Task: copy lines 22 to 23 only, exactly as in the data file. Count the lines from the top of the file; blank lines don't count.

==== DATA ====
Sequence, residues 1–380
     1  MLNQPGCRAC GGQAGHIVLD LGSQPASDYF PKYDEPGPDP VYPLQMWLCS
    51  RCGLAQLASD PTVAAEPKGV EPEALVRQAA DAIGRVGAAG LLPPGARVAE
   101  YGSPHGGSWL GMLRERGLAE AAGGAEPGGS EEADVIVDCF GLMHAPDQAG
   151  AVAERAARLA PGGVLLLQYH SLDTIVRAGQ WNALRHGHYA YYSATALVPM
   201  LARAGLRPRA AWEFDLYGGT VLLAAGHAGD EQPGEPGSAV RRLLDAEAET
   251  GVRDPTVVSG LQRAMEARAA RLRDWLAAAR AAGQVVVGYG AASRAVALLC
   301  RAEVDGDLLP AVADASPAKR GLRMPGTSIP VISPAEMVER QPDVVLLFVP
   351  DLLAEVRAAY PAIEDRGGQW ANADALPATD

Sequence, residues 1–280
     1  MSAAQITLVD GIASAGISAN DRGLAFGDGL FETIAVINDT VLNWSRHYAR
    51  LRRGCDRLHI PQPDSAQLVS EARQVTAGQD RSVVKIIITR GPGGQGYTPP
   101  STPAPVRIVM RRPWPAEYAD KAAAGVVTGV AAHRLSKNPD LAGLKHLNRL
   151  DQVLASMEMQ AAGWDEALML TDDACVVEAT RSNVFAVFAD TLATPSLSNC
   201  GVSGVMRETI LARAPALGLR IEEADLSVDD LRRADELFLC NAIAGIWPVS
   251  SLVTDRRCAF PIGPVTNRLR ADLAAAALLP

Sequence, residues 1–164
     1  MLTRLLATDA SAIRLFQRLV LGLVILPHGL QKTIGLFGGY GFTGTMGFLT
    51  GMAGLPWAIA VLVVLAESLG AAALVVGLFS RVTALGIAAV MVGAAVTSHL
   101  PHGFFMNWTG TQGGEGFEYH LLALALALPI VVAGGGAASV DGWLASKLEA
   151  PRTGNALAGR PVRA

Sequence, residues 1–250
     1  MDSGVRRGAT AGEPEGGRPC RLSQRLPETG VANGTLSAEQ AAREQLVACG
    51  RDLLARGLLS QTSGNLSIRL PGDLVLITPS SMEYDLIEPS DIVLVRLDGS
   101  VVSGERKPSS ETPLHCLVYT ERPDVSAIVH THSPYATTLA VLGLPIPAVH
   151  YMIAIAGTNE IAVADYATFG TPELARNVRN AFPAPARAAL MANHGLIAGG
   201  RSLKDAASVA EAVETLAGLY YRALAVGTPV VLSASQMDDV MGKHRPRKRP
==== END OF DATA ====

Sequence, residues 1–250
     1  MDSGVRRGAT AGEPEGGRPC RLSQRLPETG VANGTLSAEQ AAREQLVACG